Two Libraries, Two Attitudes

Greenville County Library

First, let me make something very clear. Both Greenville and Spartanburg Counties have outstanding library systems. The services both of these systems provide are vital to the education and health of our communities, and we would be much poorer without them. That being said, I have noticed some distinct differences in how each system addresses information in the digital age, and specifically social media applications.

Spartanburg County Library is embracing social media. From their main website one finds links to their YouTube channel, their Twitter stream, their Flickr account, and their Facebook group page. All of these accounts are very active, and appear to be updated regularly. I was most impressed with their YouTube channel, which features a video podcast twice a week. The one for this week is embedded below: Continue reading “Two Libraries, Two Attitudes”

Kids and Social Media


This past week I was asked to advise on guidelines for teacher-student interactions in social media settings such as Facebook.  Essentially, we’re recommending caution.  The new guidelines will be posted in faculty handbooks, and read as follows:

Faculty/Staff members should maintain professionalism in their relationship with students at all times. Activities/behaviors in which faculty/staff members should not participate with students include, but are limited to the following:

1) Posting student pictures on web-based social network sites (Facebook, MySpace etc)

2) Exchange cell phone numbers with students

3) Participate in inappropriate text messaging with students

4) Participate in inappropriate e-mail correspondence with students

The key word here is “inappropriate.”  Unfortunately, no definition is given as to what might be considered inappropriate.  There are the obvious reasons – the unfortunate ones that make headlines.  However, is ANY contact via e-mail or text messaging between teachers and students appropriate?  Our paranoid society would cast suspicion on any of these activities. Continue reading “Kids and Social Media”

Expanding My Media Empire

For some time now I’ve been searching for a way to host media files without clogging up my storage space here on RandomConnections.  Specifically, I’ve wanted a place for audio and for Google Earth files.   Being something of a cheapskate, I really didn’t want to pay for more storage on the site, so I was looking for free alternatives.  I think I’ve finally pieced together a solution, and I’m ready to go live with it.  It’s not the most elegant solution, but it works for me.  More importantly, it doesn’t cost anything.

I had tried both Houndbite and Boomp3 for free audio file hosting.  For the most part I liked Houndbite, but it was completely unreliable.  For the past three weeks it was offline, and just recently came back.  I couldn’t use it in my Google Earth demonstrations as I might have liked.  Since I was having so many troubles with Houndbite, I tried Boomp3.  That is now completely defunct. Continue reading “Expanding My Media Empire”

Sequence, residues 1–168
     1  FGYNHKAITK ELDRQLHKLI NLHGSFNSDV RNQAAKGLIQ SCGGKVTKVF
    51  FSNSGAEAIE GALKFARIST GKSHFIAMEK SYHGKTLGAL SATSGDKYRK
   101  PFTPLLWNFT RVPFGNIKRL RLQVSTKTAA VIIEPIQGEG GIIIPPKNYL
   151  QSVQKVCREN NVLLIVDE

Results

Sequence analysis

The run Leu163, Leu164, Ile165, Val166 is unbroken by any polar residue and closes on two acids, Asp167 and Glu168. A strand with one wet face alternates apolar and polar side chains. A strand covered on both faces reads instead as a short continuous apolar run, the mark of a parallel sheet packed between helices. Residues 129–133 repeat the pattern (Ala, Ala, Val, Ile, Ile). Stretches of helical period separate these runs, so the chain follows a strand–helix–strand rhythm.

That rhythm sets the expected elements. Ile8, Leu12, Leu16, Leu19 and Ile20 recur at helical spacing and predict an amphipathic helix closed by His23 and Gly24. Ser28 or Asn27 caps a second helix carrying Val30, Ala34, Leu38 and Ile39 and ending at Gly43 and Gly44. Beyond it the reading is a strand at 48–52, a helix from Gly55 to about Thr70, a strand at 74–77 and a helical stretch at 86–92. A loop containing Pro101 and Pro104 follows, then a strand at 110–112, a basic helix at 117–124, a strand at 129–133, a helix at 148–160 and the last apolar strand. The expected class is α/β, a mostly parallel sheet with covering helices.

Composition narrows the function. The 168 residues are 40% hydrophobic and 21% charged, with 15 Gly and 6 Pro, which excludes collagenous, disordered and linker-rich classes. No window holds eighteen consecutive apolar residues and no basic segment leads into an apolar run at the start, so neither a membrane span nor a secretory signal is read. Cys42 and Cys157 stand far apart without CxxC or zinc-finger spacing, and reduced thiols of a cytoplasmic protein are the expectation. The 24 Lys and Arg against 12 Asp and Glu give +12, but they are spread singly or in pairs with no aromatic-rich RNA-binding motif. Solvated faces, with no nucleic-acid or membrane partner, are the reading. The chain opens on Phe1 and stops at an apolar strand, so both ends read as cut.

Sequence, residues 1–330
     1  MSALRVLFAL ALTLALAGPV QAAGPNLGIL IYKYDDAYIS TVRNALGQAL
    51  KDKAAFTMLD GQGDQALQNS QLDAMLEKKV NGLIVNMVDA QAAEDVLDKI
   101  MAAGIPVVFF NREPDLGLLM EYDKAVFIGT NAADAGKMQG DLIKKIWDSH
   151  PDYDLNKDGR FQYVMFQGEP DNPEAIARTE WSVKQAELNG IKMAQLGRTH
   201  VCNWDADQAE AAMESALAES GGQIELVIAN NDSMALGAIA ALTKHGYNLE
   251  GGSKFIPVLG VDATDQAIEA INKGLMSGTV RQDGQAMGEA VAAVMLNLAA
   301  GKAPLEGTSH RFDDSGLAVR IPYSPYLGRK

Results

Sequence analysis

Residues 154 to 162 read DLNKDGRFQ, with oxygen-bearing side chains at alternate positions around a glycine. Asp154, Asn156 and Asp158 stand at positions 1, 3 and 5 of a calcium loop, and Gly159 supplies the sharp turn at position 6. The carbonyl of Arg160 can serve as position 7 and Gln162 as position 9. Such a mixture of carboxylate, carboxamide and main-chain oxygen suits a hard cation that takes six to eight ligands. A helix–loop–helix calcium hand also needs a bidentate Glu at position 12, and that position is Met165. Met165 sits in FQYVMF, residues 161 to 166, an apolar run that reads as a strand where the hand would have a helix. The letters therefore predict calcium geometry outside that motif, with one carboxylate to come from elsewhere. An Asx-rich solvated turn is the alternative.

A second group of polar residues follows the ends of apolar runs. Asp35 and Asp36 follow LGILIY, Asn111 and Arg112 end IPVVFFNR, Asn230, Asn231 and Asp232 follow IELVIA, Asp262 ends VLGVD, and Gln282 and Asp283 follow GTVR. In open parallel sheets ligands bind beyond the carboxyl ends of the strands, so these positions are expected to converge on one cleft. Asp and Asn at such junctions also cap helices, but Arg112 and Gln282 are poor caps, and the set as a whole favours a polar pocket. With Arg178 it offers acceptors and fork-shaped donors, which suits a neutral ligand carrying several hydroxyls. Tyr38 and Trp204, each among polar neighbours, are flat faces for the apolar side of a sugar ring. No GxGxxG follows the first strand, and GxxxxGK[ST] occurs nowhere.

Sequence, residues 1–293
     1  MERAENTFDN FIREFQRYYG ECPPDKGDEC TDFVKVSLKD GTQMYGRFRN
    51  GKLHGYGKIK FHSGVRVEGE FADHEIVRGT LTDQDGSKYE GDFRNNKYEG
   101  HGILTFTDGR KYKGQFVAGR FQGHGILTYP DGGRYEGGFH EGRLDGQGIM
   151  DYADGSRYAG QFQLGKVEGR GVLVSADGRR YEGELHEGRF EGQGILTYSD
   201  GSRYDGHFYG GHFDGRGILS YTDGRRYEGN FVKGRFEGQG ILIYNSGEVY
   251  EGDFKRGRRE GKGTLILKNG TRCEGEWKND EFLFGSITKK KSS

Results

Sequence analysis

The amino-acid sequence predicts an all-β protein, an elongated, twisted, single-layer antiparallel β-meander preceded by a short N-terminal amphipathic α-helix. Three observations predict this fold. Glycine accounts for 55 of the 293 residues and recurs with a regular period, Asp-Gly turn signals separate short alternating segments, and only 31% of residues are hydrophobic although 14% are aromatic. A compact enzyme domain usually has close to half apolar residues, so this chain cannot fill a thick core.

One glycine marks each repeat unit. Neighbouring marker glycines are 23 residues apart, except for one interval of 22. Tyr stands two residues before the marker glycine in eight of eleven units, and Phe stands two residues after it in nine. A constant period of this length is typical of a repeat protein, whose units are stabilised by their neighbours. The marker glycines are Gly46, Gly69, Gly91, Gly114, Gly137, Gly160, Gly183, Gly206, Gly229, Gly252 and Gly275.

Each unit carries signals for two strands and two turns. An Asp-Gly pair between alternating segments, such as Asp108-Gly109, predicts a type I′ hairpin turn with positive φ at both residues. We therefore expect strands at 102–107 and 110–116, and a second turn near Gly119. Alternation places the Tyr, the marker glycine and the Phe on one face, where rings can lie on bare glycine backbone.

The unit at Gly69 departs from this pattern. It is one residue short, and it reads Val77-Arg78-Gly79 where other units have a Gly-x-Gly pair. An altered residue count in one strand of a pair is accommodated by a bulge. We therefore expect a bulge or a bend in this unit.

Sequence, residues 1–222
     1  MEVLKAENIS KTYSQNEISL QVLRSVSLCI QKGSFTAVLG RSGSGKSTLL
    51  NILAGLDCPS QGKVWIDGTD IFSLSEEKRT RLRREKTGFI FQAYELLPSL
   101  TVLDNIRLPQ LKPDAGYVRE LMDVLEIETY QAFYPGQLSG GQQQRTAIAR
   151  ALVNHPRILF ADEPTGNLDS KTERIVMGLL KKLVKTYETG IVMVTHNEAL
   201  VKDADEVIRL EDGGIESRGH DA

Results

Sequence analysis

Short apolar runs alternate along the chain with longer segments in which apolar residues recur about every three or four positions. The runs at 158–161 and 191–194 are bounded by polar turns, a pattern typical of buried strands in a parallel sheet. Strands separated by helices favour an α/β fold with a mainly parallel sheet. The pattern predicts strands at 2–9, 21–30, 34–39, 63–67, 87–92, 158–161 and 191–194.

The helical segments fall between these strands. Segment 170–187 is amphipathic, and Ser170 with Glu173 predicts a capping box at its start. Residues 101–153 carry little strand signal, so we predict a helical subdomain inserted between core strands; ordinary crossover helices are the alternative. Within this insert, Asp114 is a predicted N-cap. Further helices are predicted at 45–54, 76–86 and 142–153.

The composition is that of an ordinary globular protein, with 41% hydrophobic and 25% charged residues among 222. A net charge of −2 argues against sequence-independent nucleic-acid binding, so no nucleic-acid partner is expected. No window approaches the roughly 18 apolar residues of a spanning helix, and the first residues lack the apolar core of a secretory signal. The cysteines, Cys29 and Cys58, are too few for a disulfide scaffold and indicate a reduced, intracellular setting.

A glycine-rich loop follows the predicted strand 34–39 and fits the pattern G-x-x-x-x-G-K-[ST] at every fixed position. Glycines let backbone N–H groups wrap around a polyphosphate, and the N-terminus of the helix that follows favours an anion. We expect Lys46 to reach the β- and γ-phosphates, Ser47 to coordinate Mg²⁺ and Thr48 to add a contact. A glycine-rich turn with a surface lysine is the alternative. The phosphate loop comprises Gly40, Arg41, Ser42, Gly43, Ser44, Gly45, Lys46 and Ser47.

Twitter Hits the Mainstream

Twitter certainly has been getting A LOT of press this past week. On Monday, the Daily Show did a segment on it, John Cleese released something on his video blog about it, Daniel Schorr and Scott Simon discussed it on NPR’s Weekend Edition, and there have been at least three articles about it in the editorial pages of the Greenville News. I think the catalyst was when various politicians were spotted Tweeting during President Obama’s recent Congressional address. If Congresscritters could do it, then it must be (A) easy and (B) the thing to do.

As you might imagine, these stories have run the gamut from those who think it’s the absolutely best thing, and everyone MUST start Twittering (Tweeting?) to those that think it’s a complete waste of time. I think I fall somewhere in the middle. Continue reading “Twitter Hits the Mainstream”

The Incomparable Weirdness of Twitter


As if there were any doubt, my true nerd nature is about to come through.  Some of my admissions in this post will be embarrassing, but it gets my point across about Twitter.

I freely admit that I am a Trekkie.  I can usually name most of The Original Series episode titles having seen just a few seconds of one.  I am not, however, a “Trekker”.  I don’t have a Star Fleet uniform in my closet (although I did have a model phaser when I was a teenager), nor to I dress up like a Klingon and attend conventions.

So what does this have to do with Twitter?  I’ll get to that in a moment.  I signed up for Twitter as a matter of convenience.  It was a simple way of updating my blog and Facebook from one location.  I didn’t really have any intention of “following” anyone on Twitter, but soon I got tired of looking at my own updates.  I added a few friends and locals that I knew from other social networking sites. Continue reading “The Incomparable Weirdness of Twitter”

A Geeky New President

There were ample opportunities for someone like me to really get their Geek on while watching the inauguration.  First there was the Hive Mind experience of sharing the inauguration in real time with friends (and strangers) separated by thousands of miles on Twitter and Facebook.  Then there was the ability to get multiple perspectives from … Continue reading A Geeky New President

Reflections on Twitter and The Death of Conversation

A synopsis/compilation of recent conversations…

Me: Yesterday several of my friends and I went for a hike in the…

Sibling/Friend: …yeah, I read that in your blog.

Me: For our anniversary we went to Disney and…

Sibling/Friend: …I saw your posts and pictures online.

Me: Um, is there anything new I can tell you?

Sibling/Friend: [silence]

I began to wonder if blogging and social media had, in fact, killed conversation, rather than enhancing it. Continue reading “Reflections on Twitter and The Death of Conversation”